The U.S. Army Corps of Engineers (USACE) Philadelphia District is soliciting comments from the construction community about the potential use of a government-mandated project labor agreement (PLA) on a federal construction contract to repair beaches impacted by Hurricane Sandy from Great Egg Harbor Inlet to Townsends Inlet in Cape May County, New Jersey.
To review the survey and see how to respond to it, click here.
Please provide your survey response via email to USACE Contract Specialist Emily Giardino (Emily.M.Giardino@usace.army.mil) no later than 4:00 P.M. (EST) on Tuesday, November 12, 2013.
For more information or assistance responding to the PLA survey, contact TheTruthAboutPLAs.com here.
USACE and other federal agencies have issued more than 175 similar surveys requesting information about the potential use of PLAs on specific construction projects across the country as a result of regulations and federal agency policies stemming from President Obama’s pro-government-mandated PLA Executive Order 13502, which encourages federal agencies to mandate PLAs on a case-by-case basis for federal construction projects exceeding $25 million in total cost.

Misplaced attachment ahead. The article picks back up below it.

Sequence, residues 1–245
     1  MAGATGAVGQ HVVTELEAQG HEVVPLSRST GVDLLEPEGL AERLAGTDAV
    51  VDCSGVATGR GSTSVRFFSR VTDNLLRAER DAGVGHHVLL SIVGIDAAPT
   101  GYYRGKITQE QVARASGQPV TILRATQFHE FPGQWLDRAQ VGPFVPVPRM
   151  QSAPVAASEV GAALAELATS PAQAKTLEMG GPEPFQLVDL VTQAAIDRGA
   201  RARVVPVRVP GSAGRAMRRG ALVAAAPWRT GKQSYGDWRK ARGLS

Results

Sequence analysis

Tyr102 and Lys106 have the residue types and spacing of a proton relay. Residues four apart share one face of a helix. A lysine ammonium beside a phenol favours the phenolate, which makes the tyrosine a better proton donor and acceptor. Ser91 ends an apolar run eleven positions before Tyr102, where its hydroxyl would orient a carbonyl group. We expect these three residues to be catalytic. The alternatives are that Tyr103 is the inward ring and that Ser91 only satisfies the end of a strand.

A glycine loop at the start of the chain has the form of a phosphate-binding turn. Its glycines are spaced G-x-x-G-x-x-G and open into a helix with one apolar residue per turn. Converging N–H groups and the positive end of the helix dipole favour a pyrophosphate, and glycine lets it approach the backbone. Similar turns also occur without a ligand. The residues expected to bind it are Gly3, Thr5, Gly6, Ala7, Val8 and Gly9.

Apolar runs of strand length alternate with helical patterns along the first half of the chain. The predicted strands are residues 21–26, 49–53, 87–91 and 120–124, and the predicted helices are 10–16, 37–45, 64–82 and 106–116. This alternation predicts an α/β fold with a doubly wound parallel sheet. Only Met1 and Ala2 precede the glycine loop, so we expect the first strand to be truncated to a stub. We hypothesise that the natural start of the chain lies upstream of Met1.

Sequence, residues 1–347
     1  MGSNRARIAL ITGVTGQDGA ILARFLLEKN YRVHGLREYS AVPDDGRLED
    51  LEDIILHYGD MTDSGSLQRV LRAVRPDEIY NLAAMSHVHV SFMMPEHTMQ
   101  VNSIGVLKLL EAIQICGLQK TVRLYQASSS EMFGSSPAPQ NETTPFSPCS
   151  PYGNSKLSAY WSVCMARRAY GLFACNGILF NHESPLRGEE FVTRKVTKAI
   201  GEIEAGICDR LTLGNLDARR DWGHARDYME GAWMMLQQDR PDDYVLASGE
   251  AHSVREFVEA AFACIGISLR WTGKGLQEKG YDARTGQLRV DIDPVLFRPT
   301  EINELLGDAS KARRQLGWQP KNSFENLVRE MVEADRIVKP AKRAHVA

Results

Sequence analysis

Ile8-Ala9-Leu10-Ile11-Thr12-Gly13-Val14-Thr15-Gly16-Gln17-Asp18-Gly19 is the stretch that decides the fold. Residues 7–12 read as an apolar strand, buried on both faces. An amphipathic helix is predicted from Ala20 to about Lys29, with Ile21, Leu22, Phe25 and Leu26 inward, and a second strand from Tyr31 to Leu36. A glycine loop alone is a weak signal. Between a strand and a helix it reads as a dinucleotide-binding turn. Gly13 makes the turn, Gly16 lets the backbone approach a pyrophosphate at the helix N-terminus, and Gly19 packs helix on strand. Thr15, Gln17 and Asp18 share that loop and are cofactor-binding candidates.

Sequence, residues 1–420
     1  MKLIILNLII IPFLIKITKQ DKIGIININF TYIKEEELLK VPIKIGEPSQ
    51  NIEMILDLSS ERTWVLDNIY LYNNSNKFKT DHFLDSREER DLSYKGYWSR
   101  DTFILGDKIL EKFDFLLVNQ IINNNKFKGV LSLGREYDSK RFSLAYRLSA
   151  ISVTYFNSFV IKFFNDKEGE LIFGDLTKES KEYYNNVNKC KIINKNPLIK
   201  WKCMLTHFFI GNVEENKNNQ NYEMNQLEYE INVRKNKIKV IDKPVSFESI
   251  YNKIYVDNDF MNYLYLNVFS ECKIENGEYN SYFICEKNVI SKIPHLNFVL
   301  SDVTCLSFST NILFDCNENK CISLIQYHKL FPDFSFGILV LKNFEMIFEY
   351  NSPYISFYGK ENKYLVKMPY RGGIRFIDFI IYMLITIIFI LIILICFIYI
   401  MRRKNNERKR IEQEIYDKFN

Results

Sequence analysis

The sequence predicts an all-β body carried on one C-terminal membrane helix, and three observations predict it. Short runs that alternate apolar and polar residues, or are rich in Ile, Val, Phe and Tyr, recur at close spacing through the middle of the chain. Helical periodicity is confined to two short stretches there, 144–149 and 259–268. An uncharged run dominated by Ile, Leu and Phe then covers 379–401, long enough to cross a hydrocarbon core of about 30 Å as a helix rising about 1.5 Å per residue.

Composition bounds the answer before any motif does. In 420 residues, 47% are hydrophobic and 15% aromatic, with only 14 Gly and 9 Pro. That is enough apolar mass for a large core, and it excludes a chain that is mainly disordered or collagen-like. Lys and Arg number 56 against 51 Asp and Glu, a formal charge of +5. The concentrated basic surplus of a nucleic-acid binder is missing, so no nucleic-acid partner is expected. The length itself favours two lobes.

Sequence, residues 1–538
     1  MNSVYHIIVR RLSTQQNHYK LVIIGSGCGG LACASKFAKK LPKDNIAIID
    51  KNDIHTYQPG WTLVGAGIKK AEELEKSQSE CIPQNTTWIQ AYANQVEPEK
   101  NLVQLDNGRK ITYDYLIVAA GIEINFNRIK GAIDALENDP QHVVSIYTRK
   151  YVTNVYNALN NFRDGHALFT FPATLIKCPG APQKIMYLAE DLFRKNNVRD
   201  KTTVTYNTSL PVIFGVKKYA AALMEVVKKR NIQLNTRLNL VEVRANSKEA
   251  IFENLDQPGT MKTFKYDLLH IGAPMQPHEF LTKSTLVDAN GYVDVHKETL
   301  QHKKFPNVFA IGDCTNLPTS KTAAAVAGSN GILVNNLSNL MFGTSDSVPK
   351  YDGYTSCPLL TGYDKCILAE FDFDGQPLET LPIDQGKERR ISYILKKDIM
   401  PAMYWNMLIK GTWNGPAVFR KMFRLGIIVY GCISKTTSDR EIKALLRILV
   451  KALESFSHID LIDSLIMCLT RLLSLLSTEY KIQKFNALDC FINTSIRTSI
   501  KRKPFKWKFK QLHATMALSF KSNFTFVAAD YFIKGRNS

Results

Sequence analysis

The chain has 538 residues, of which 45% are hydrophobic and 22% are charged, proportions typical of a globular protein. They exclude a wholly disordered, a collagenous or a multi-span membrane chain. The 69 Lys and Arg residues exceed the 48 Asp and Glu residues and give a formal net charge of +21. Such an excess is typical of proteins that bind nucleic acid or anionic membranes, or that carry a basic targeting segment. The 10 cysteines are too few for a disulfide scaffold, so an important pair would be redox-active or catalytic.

TheTruthAboutPLAs.com has taken the opportunity to respond to all PLA surveys as they are issued and encourages the merit shop contracting community to do the same. Responding with accurate and timely information is critical to creating more work for qualified merit shop contractors and their skilled employees.
A PLA mandate on this project could needlessly cause delays and increase costs.
In October 2010, the New Jersey Department of Labor and Workforce Development released its FY 2008 report measuring the impact of PLA mandates on New Jersey school construction projects. It found:
- “PLA projects tended to have a longer duration than non-PLA projects.” For FY 2008, the average duration of PLA projects was 100 weeks compared with 78 weeks for non-PLA projects.
- “School projects that used a PLA tended to have higher building costs, as measured on a per-square footage and per-student basis, than those that do not use a PLA.” In fact, they are 30.5 percent higher than for all non-PLA projects.
The findings of former Gov. Jon Corzine’s Labor Department echoed the data from Gov. Christie’s administration, finding PLAs hiked up school construction costs by as much as 34 percent.
While this project is obviously different than school construction, data specific to New Jersey—where nearly three out of four construction workers do not belong to a union—makes a strong case against a government-mandated PLA on this project.
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